The winning projects of the 2020 edition of the World Cup of Ideas will be announced. The winning projects will receive € 5,000 in training and mentoring to make their projects come true.
Many runs were organized within cities before the escalation of the pandemic. An unfortunate impact of the Covid-19 outbreak is that races, such as the Tokyo Marathon and NYC Half-Marathon, have been cancelled. Much of the money was to be donated to charities and it would have helped develop a sense of pride within communities. The key issue that needs to be solved is how to continue with a busy race season/calendar with social distancing in place.
Also, it is important to note the struggling travel economy. It is becoming clear that the long-term impact of the virus on this industry will be immense. People are far less likely to travel often, and it is expected that, on the whole, they will avoid mass gatherings. Not only will cities be struggling due to the lack of tourism, but the economic revenue created from races may also decrease(by fewer spectator participation and international race entrants). This will be devastating to the economy of local cities.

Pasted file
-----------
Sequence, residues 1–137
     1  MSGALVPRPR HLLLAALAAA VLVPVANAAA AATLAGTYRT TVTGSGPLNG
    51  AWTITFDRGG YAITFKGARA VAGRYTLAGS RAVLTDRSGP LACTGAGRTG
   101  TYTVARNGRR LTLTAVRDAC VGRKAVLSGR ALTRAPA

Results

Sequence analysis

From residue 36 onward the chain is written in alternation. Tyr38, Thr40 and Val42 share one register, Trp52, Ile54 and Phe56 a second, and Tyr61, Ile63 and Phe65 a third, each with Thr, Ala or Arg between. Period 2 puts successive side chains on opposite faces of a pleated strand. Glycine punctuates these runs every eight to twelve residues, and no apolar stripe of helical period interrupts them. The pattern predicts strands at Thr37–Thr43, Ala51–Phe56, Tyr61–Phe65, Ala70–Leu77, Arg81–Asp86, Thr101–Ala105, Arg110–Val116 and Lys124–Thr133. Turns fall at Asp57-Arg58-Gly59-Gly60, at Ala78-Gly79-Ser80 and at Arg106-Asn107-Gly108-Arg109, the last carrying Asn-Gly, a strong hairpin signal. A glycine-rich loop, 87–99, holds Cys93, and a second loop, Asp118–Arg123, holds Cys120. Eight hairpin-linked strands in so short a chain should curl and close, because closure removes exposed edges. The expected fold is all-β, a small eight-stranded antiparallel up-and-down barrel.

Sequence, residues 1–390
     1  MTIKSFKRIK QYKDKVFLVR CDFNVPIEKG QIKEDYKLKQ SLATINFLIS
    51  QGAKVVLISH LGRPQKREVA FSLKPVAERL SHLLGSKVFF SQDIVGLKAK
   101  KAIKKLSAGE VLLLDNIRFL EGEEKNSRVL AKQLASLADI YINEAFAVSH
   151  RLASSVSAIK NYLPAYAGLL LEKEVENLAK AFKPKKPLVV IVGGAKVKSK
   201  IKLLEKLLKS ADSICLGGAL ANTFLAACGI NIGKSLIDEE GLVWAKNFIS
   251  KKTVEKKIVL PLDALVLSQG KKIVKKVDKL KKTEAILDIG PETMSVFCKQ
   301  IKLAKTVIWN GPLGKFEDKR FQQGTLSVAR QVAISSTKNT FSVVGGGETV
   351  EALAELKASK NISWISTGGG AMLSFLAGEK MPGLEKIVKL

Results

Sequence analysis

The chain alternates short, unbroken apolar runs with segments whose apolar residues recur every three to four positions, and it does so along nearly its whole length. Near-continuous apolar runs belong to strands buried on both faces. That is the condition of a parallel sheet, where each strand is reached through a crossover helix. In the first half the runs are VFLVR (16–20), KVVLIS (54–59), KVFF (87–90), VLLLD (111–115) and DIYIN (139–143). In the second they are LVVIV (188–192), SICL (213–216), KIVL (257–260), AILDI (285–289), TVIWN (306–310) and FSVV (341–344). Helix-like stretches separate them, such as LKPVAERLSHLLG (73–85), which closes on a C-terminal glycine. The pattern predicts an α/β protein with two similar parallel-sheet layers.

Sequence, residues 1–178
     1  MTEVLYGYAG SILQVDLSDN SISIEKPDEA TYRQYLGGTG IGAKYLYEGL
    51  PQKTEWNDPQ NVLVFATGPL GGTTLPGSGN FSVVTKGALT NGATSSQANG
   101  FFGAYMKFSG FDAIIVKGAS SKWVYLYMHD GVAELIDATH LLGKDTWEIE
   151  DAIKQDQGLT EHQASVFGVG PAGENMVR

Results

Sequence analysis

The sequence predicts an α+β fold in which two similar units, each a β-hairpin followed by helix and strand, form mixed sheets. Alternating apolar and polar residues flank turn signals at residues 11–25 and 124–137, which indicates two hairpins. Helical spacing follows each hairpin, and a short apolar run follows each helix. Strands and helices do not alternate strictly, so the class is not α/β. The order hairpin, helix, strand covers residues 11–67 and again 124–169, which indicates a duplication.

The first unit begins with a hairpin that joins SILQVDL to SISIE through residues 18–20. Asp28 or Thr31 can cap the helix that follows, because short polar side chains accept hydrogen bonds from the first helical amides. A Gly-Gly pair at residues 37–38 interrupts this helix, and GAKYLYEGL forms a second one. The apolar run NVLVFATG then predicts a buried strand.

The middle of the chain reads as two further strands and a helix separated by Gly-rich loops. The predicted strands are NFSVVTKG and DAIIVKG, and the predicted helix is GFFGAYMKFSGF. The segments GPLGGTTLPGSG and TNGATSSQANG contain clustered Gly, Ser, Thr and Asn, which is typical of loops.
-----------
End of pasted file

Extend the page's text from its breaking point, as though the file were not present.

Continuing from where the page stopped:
Further from the dramatic impact of Covid-19 has had, the current racing environment can have many problems. For example, there is limited access for disabled runners which can make racing in the crowds quite difficult. It can be quite expensive to travel around the world to run in integral international races in the calendar. Especially for those who are from poorer socio-economic backgrounds and/or are from developing countries, this cost can become an unbearable reason to compete less.
Another important problem that needs to be considered which has significantly worsened due to Covid-19 is the health of children. According to a global 2016 study published in The Lancet Child and Adolescent Health Journal found that 80.1% of boys and 85.1% of girls are physically inactive. Furthermore, the Welsh government has published that only 14-17% of children aged 11-16 in Wales meet the recommended amount of physical activity in the country. The fact that the youth around the world are living these unhealthy lifestyles is immensely worrying. This is, as well as students’ mental health, have become significantly worse during the Coronavirus lockdown. Already vulnerable groups are at risk of falling into a sedentary routine – this is incredibly dangerous.
The residents of major cities. However, anyone can use the app and act like they are in the city.